191 research outputs found

### On the Helix-Coil transition in grafted chains

The helix-coil transition is modified by grafting to a surface. This
modification is studied for short peptides capable of forming $\alpha$-helices.
Three factors are involved: (i) the grafting can induced change of the boundary
free energy of the helical domain (ii) the van der Waals attraction between the
helices and (iii) the crowding induced stretching of the coils. As a result the
helix-coil transition acquires ``all or nothing'' characteristics. In addition
the transition temperature is elevated and the transition itself sharpens as
the grafting density increases.Comment: 6 pages, 1 figures, europhys.sty and euromacro.sty Submitted to
Europhys. Let

### Reply to A. Louis Comment

Reply to A. Louis Comment: Fluid-solid phase-separation in hard-sphere
mixtures is unrelated to bond-percolationComment: Reply to a comment of PRL 82 p960 To be published in PR

### Rigorous Bounds to Retarded Learning

We show that the lower bound to the critical fraction of data needed to infer
(learn) the orientation of the anisotropy axis of a probability distribution,
determined by Herschkowitz and Opper [Phys.Rev.Lett. 86, 2174 (2001)], is not
always valid. If there is some structure in the data along the anisotropy axis,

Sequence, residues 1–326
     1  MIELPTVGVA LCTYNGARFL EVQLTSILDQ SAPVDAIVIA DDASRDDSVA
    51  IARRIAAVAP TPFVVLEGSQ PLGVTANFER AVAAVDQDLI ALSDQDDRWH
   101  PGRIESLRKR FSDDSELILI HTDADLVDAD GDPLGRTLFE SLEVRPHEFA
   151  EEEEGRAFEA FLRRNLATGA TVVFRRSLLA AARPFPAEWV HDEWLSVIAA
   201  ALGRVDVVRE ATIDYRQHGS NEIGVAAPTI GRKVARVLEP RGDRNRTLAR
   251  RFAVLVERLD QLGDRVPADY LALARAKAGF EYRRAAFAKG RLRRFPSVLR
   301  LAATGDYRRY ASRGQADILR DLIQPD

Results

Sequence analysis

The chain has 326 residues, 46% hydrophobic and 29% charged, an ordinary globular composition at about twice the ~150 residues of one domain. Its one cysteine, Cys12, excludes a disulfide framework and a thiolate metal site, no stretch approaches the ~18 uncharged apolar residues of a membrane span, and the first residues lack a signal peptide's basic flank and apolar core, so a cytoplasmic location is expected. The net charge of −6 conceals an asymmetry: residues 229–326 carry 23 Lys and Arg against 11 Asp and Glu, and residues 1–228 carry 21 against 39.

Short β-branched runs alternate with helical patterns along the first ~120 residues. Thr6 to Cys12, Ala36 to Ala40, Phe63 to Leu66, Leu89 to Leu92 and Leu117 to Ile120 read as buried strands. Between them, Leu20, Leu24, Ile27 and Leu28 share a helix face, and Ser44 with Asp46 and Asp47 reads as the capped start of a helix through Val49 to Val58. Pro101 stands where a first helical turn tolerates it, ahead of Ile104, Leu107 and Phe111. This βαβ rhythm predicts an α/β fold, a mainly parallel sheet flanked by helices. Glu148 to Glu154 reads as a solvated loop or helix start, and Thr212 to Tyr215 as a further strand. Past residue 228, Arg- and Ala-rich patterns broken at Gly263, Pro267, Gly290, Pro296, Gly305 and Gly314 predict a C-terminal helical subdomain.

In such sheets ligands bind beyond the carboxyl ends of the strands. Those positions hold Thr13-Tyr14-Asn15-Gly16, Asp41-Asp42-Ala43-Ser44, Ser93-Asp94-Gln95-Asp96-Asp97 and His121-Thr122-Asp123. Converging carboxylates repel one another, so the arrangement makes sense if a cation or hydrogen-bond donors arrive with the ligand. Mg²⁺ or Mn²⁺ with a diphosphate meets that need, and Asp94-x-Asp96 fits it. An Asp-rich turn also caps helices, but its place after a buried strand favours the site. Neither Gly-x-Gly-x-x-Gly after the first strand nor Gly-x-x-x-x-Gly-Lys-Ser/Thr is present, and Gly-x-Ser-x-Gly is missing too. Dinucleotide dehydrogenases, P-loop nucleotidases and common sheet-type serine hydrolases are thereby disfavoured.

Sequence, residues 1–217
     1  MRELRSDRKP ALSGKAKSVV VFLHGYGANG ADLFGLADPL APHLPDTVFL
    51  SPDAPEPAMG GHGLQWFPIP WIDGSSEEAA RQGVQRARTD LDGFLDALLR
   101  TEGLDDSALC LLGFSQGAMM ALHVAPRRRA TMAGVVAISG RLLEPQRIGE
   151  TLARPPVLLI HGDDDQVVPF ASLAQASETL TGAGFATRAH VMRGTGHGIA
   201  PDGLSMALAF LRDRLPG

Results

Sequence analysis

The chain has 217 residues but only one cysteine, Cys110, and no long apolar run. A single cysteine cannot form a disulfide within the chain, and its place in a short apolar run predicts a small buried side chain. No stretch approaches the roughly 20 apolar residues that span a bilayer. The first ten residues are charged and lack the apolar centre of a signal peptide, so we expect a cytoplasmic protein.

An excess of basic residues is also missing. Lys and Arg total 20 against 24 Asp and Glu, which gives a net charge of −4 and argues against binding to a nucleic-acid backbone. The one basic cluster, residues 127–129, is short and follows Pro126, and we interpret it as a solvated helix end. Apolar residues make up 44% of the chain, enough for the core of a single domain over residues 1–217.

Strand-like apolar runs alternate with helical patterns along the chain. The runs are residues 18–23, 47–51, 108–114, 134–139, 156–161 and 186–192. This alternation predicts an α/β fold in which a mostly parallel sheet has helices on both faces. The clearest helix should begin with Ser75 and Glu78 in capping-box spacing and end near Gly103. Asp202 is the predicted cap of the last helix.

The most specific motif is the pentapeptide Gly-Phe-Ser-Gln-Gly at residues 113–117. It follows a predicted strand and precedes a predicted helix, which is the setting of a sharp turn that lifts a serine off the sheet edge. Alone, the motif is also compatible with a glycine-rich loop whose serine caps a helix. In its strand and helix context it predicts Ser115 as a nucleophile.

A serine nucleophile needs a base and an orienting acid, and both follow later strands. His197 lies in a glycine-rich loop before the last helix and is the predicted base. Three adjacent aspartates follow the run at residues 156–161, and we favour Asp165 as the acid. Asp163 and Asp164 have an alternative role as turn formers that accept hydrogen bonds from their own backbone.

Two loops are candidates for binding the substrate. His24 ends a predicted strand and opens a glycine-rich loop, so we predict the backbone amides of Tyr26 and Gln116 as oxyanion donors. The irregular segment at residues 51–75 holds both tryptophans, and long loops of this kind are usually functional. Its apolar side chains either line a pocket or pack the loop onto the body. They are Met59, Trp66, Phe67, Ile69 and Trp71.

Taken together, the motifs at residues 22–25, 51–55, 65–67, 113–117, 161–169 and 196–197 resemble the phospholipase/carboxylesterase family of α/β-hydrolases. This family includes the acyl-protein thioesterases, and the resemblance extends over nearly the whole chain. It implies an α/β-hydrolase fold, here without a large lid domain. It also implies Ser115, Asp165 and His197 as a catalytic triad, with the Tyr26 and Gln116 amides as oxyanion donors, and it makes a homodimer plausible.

their analysis is incorrect, and learning is possible with much less data
points.Comment: 1 page, 1 figure. Comment accepted for publication in Physical Review
Letter

### Finite size scaling of the bayesian perceptron

We study numerically the properties of the bayesian perceptron through a
gradient descent on the optimal cost function. The theoretical distribution of
stabilities is deduced. It predicts that the optimal generalizer lies close to
the boundary of the space of (error-free) solutions. The numerical simulations
are in good agreement with the theoretical distribution. The extrapolation of
the generalization error to infinite input space size agrees with the
theoretical results. Finite size corrections are negative and exhibit two
different scaling regimes, depending on the training set size. The variance of
the generalization error vanishes for $N \rightarrow \infty$ confirming the
property of self-averaging.Comment: RevTeX, 7 pages, 7 figures, submitted to Phys. Rev.

### Kovacs effect and fluctuation-dissipation relations in 1D kinetically constrained models

Strong and fragile glass relaxation behaviours are obtained simply changing
the constraints of the kinetically constrained Ising chain from symmetric to
purely asymmetric. We study the out-of-equilibrium dynamics of those two models
focusing on the Kovacs effect and the fluctuation--dissipation relations. The
Kovacs or memory effect, commonly observed in structural glasses, is present
for both constraints but enhanced with the asymmetric ones. Most surprisingly,
the related fluctuation-dissipation (FD) relations satisfy the FD theorem in